As the parent and husband of very accomplished riders, I know the pleasure (and work; and expense) of dealing with horses and riding activities. I also know the potential for serious injury because of the size and unpredictability of horses, and the nature of riding activities.

South Carolina, like many other States, has enacted an ‘Equine Immunity Statute’, 47-9-720, which applies when injuries related to riding and other horse related activities occur. This statute states, in brief, that an ‘equine activity sponsor’ or an ‘equine professional’ is not liable for injuries or death that result from an inherent risk of participation in equine activity. This means that the participant assumes certain foreseeable risks, such as being thrown, kicked, bitten, stepped on, and other normal risks involved when dealing with horses.

However, anyone participating in these activities is responsible for insuring that they do not engage in activities beyond their training or skill level, that they do not work with or ride horses beyond their experience level and training, and that they inform the owner or stable accurately regarding their current riding level and experience. They should also ask the owner or stable about any specific issues with the horse (just like people, horses have distinct personalities, and just like people, some are difficult), and that they inspect all tack and equipment prior to working with the horse or around the stable.

Common sense dictates that no one ride without a properly fitting helmet, vest if appropriate (jumping, cross country or eventing, depending on experience level), and appropriate footwear (no flip-flops, please). Having a 1,000+ pound horse step on your foot or falling from 4-5 feet off the back of a horse at any speed usually is quite painful, even with proper equipment. Without proper equipment, it will most likely result in serious injury such as a brain injury or spinal injury.

The owner or stable must post conspicuous signs as described in 47-9-730, ‘at a clearly visible location on or near stables, corrals, or arenas…or once at the primary entrance to any riding trail…’ with the specific language of the statute:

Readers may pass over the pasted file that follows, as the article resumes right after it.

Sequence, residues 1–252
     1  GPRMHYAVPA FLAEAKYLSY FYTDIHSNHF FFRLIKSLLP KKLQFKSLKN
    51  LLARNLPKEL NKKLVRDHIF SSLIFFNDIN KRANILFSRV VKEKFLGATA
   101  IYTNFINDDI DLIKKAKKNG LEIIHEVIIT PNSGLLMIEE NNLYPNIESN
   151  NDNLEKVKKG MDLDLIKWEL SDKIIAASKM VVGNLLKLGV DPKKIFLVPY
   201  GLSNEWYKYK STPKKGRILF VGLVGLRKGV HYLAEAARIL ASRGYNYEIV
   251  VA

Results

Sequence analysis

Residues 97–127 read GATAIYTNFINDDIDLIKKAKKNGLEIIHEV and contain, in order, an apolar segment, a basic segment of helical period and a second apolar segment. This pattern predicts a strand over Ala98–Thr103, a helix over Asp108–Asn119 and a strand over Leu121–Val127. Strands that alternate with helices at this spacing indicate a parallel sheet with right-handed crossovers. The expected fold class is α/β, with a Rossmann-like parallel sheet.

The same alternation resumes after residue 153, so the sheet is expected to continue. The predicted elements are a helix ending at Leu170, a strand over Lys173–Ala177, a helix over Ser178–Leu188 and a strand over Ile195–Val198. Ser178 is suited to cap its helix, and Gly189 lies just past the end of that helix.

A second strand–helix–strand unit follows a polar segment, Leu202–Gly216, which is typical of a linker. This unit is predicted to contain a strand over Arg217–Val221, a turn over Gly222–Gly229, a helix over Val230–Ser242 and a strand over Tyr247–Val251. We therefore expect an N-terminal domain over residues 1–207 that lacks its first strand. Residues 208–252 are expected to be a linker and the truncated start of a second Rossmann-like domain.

WARNING: Under South Carolina law, an equine activity sponsor or equine professional is not liable for an injury to or the death of a participant in an equine activity resulting from an inherent risk of equine activity, pursuant to Article 7, Chapter 9 of Title 47, Code of Laws of South Carolina, 1976.

Failure to post these signs results in a waiver of the immunity statute. Signs that comply with this section are readily available at tack shops, online and from the Horseman’s Counsel of South Carolina. Anyone who keeps horses for any purpose, should and must post and maintain these signs as required by the statute, or accept the potential consequences.

The waiver does not provide total immunity under certain circumstances. If the injury results from a known or obvious defect in equipment provided by the owner or stable, or results from providing a horse beyond the known capabilities of the rider, the immunity may not apply. Also, some ordinary premises liability type rules apply. If the injury occurs because of a dangerous condition on the land (holes, etc.) and the owner or stable owns or is in possession of the land and ‘knew or should have known’ of the condition, and failed to warn about the danger, the waiver may not apply. Finally, if the owner or stable is grossly negligent or intentionally causes the injury, immunity does not apply.

For people fortunate enough to form a relationship with a horse (or horses), there can be nothing better or more satisfying. As with any other potentially dangerous activity, however, a little common sense and caution is necessary. If you or a loved one suffers a serious injury from any cause, Just call Joye Law Firm. We are available to take your calls 24/7.

About the Author

Mark Joye is the Head of the Litigation Department at the Joye Law Firm. A Board-Certified Trial Advocate with nearly 30 years of litigation experience, he currently serves on the Board of Governors for the American Association for Justice and is a past president of the South Carolina Association for Justice. In a recent trial, Joye headed a trial team that secured $17 million for a family killed in a tractor-trailer accident.

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